Frank LoMonte, J.D.
Director - Brechner Center for Freedom of Information
Frank LoMonte was named director of the Brechner Center in August 2017.
Previously, he was the executive director of the Student Press Law Center (SPLC) in Washington, D.C. since 2008. During his tenure, he launched a number of major programming initiatives, including the “New Voices” initiative that has resulted in enactment of fortified legal protections for student journalists in 13 states, and the “Active Voice” fellowship program for college undergraduates to design “press freedom service projects” amplifying the voices of young women, who experience the brunt of school censorship.
Before joining the SPLC, LoMonte practiced law with Sutherland Asbill and Brennan LLP in Atlanta and clerked for federal judges on the Northern District of Georgia and the Eleventh Circuit U.S. Court of Appeals.
Prior to embarking on his legal career, he was an investigative journalist and political columnist. He was the capitol correspondent for the Florida Times Union (Jacksonville), Washington correspondent for Morris News Service and the Atlanta bureau chief for Morris.
He was the Otis Brumby Distinguished Visiting Professor of Law at the Georgia Law School in spring-summer 2014 and has been a lecturer since 2015 in the University of Georgia Washington Program, teaching a course for undergraduates on “Law of Social Media.”
Frank received his B.A. from Georgia State University in 1994 and his J.D., from the University of Georgia School of Law in 2000 magna cum laude. His work on behalf of open government and journalists’ rights has been recognized with numerous awards, including the American Library Association’s “Freedom to Read Foundation Roll of Honor” and the National Press Photographers’ Association First Amendment Award. The College Media Association offers an annual award in his name to honor special distinction in ethical journalism.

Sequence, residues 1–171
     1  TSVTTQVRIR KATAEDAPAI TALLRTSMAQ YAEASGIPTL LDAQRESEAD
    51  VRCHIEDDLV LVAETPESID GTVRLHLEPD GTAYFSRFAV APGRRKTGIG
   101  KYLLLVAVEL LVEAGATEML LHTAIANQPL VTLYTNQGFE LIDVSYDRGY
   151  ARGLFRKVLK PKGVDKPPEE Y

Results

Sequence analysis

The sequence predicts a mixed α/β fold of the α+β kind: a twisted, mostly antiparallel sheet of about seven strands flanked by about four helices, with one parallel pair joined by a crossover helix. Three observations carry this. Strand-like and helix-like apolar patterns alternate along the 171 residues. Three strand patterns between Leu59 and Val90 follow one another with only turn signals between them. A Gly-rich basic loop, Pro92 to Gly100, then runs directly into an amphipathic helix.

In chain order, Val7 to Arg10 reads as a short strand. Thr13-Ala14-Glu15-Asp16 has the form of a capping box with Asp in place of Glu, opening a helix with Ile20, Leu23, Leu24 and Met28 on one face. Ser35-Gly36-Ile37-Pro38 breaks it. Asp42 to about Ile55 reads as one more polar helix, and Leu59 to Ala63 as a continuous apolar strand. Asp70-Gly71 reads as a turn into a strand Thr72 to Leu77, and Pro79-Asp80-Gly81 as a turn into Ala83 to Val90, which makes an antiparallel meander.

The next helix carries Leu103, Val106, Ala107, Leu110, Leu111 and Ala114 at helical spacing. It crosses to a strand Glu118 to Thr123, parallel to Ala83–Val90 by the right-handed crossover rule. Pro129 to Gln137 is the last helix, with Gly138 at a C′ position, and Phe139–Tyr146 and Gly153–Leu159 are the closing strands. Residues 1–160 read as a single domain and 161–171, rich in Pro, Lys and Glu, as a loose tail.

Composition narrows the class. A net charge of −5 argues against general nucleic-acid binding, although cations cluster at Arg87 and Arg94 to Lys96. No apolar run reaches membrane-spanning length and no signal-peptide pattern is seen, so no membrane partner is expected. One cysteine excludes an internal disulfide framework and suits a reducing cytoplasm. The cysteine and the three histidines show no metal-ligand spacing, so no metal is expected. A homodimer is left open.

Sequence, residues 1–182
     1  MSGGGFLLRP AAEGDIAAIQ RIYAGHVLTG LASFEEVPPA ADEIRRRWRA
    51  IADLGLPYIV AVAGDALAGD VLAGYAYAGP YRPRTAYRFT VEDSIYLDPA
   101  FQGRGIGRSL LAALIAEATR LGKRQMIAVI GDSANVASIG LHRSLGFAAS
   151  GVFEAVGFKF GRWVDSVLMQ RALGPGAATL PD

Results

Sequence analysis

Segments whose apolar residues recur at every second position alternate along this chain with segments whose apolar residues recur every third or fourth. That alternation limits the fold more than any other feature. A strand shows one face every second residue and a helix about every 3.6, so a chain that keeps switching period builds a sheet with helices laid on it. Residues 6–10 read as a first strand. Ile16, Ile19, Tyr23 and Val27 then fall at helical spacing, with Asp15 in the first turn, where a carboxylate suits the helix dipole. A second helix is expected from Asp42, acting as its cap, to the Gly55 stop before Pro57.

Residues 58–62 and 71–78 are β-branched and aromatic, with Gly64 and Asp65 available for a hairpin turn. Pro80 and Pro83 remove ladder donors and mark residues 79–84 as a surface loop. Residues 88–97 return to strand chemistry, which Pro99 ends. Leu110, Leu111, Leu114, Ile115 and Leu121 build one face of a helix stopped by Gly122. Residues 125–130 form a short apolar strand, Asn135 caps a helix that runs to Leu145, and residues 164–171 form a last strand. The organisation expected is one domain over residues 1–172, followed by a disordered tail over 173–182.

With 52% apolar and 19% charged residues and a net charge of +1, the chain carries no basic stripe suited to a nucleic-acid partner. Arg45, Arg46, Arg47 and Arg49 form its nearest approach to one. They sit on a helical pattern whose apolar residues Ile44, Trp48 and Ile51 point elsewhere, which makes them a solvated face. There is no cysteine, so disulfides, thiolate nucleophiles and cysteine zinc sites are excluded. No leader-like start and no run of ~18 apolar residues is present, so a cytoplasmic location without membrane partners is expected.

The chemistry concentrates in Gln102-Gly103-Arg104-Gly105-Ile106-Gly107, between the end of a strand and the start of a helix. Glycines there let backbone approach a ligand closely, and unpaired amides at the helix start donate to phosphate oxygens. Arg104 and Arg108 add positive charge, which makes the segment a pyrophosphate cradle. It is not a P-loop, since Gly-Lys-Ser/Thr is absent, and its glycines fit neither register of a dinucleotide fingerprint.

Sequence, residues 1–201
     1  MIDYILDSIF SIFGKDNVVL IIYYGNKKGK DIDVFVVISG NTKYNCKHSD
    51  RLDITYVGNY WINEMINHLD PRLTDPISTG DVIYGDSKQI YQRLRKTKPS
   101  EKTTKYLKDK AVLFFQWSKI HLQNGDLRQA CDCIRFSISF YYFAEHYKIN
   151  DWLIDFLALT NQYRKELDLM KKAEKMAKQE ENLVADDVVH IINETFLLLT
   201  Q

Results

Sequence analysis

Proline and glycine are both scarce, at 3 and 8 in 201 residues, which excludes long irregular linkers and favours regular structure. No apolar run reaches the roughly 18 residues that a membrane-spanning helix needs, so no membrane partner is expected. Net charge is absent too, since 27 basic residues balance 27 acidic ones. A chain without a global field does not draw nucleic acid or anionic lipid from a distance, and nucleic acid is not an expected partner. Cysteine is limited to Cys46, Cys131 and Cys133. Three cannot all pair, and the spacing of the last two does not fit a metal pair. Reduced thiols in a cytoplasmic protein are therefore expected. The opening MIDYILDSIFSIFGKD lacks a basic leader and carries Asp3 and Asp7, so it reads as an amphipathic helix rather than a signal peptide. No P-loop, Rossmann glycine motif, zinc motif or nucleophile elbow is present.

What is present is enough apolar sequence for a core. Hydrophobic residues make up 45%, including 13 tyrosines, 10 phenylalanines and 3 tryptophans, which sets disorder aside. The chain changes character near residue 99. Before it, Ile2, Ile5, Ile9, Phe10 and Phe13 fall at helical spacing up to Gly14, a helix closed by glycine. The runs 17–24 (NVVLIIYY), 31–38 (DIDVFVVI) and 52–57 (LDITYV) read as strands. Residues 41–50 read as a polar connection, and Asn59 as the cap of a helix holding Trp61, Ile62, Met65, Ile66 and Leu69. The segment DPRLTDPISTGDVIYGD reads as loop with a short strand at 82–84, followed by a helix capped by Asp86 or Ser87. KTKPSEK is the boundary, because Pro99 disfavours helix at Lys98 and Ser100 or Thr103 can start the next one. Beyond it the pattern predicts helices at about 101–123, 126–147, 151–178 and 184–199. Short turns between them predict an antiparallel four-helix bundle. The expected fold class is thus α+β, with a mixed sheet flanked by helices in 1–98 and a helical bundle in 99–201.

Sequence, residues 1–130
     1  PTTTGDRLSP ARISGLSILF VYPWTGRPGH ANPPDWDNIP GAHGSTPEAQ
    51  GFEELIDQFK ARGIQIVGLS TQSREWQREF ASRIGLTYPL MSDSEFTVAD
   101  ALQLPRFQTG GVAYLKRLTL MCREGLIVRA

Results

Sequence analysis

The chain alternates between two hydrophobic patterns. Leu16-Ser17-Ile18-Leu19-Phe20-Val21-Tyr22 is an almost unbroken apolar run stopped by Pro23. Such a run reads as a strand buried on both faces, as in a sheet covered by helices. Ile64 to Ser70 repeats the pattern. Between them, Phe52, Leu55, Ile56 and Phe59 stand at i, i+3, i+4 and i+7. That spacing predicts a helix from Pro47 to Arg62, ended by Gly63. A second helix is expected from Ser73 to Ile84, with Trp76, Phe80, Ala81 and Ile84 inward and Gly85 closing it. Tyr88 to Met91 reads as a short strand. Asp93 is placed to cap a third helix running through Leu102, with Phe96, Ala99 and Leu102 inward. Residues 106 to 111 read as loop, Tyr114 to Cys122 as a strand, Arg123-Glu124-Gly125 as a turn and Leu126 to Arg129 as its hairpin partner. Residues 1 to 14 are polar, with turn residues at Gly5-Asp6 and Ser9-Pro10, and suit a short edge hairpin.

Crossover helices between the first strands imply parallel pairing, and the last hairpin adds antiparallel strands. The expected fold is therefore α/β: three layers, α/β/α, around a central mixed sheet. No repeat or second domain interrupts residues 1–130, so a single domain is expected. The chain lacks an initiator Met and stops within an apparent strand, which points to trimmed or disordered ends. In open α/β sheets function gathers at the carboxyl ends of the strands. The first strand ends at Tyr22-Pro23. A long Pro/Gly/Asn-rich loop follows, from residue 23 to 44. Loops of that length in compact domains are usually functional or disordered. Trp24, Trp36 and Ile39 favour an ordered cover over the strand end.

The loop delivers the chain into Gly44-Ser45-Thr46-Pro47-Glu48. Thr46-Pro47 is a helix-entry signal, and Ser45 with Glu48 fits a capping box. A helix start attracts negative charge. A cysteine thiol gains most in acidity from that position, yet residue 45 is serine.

J.D., University of Georgia School of Law, 2000
B.A., Georgia State University, 1994
- Frank LoMonte Comments on First Amendment Issues (October 4, 2021)
- Brechner Center Faculty and Research Associates Represented at National 2021 FOI Virtual Summit (September 23, 2021)
- Frank LoMonte to Join Yale Law School Discussion on Fighting Employee Gag Rules (September 17, 2021)
- Frank LoMonte Comments on Lack of a Standard for Publishing Higher Ed Vaccination Data (September 7, 2021)
- Frank LoMonte to Serve as Moderator for Constitution Day Webinar (August 30, 2021)
- All News About Frank LoMonte
Putting the ‘Public’ Back into Public Employment: A Roadmap for Challenging Prior Restraints That Prohibit Government Employees from Speaking to the News Media, 68 Kan. L. Rev. 1 (2019)
The Open Mic, Unplugged: Challenges to Viewpoint-Based Constraints on Public-Comment Periods, 69 Case Western Reserve L. Rev. 19 (2018-19) (lead author, with C. Calvert)
The Cost of Closed Searches, Academe, American Ass’n of Univ. Prof’s. (Spring 2019)
The Legislative Response to a Perceived “Free Speech Crisis” on Campus, Communications Lawyer, American Bar Ass’n (Winter 2019)
“Failing New York Times” v. Trump: Is There a First Amendment Claim for Official Condemnation by Tweet?, Communications Lawyer, Vol. 33, No. 3 (Winter 2018) (lead author, with L. Riedemann Norbut)
How Communities Can Increase Civic Engagement by Protecting Their Student Journalists’ Rights to Express Themselves, in Re-Imagining a 21st Century Democracy, Brown Univ. Swearer Ctr., Vol. 1 (2018) (lead author, with S. Gordon & P. Bobkowski)
Freedom of Information Laws, Social Education, National Conference for the Social Studies (September 2017)
Students Do Not Shed Their Constitutional Rights at the Login Screen: Slamming the Schoolhouse Gate on School Control Over Social Media Speech, Education Law & Policy Review (September 2015)
Fouling the First Amendment: Why Colleges Can’t, and Shouldn’t, Control Student Athletes’ Speech on Social Media, Journal of Business & Technology Law (Fall 2014)
College Sports and Social Media: Leave Your Rights in the Locker Room? ABA Section of Litigation Newsletter, April 2014
The Key Word is ‘Student’: Hazelwood Censorship Crashes the Ivy-Covered Gate, First Amendment Law Review (Winter 2013)
Shrinking Tinker: Students are Persons under Our Constitution – Except When They Aren’t, American University Law Review (June 2009)
Syllabi from the current and three previous semesters: